Society for Pure English Tract 4 by John Sargeaunt


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Project Gutenberg's Society for Pure English Tract 4, by John Sargeaunt

This eBook is for the use of anyone anywhere at no cost and with
almost no restrictions whatsoever. You may copy it, give it away or
re-use it under the terms of the Project Gutenberg License included
with this eBook or online at www.gutenberg.net


Title: Society for Pure English Tract 4
The Pronunciation of English Words Derived from the Latin

Author: John Sargeaunt

Annotator: H. Bradley


Release Date: March 15, 2005 [EBook #15364]

Language: English

Character set encoding: ISO-8859-1

*** START OF THIS PROJECT GUTENBERG EBOOK SOCIETY FOR PURE ENGLISH TRACT 4 ***




Produced by David Starner, William Flis, and the Online
Distributed Proofreading Team.





Transcriber's Note: Phonetic characters are represented by the
following symbols:
[^1] = raised "1", etc.
[e] = inverted "e" or schwa
[oe] = oe ligature character
['x] = any letter "x" with acute accent
[=x] = any letter "x" with macron
[)x] = any letter "x" with breve
[=xy] = any pair of letters "xy" with joining macron, except
[=OE], [=ae] = OE, ae ligature characters with macron
['oe], ['ae] = oe, ae ligature characters with acute accent and
[)xy] = any pair of letters "xy" with joining breve, except
[)AE], [)ae], [)OE], [)oe] = AE, ae, OE, oe ligature characters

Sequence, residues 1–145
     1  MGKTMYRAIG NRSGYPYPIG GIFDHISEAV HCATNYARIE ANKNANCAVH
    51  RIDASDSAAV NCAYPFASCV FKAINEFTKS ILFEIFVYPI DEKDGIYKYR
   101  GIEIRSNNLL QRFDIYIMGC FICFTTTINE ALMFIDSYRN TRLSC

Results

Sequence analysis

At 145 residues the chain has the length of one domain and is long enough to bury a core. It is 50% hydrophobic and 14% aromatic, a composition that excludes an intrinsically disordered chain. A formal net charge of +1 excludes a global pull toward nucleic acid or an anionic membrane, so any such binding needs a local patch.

with breve



_S.P.E. TRACT NO. IV_

THE PRONUNCIATION OF ENGLISH WORDS DERIVED FROM THE LATIN

BY JOHN SARGEAUNT

WITH PREFACE AND NOTES BY H. BRADLEY

CORRESPONDENCE & MISCELLANEOUS NOTES BY H.B., R.B., W.H.F., AND
EDITORIAL


_AT THE CLARENDON PRESS_ MDCCCCXX




ON THE PRONUNCIATION OF ENGLISH WORDS DERIVED FROM LATIN


[This paper may perhaps need a few words of introduction concerning
the history of the pronunciation of Latin in England.

The Latin taught by Pope Gregory's missionaries to their English
converts at the beginning of the seventh century was a living
language. Its pronunciation, in the mouths of educated people when
they spoke carefully, was still practically what it had been in
the first century, with the following important exceptions. 1. The
consonantal _u_ was sounded like the _v_ of modern English, 2. The _c_

_t[)i]_, _c[)i]_ before vowels, were pronounced _ts_. 3. The _g_
before front vowels had a sound closely resembling that of the Latin
consonantal _i_. 4. The _s_ between vowels was pronounced like our

diphthongs, but like the simple _e_. 6. The ancient vowel-quantities
were preserved only in the penultima of polysyllables (where they
determined the stress); in all other positions the original system of
quantities had given place to a new system based mainly on rhythm. Of
this system in detail we have little certain knowledge; but one of
its features was that the vowel which ended the first syllable of
a disyllabic was always long: _p[=a]ter_, _p[=a]trem_, _D[=e]us_,
_p[=i]us_, _[=i]ter_, _[=o]vis_, _h[=u]mus_.

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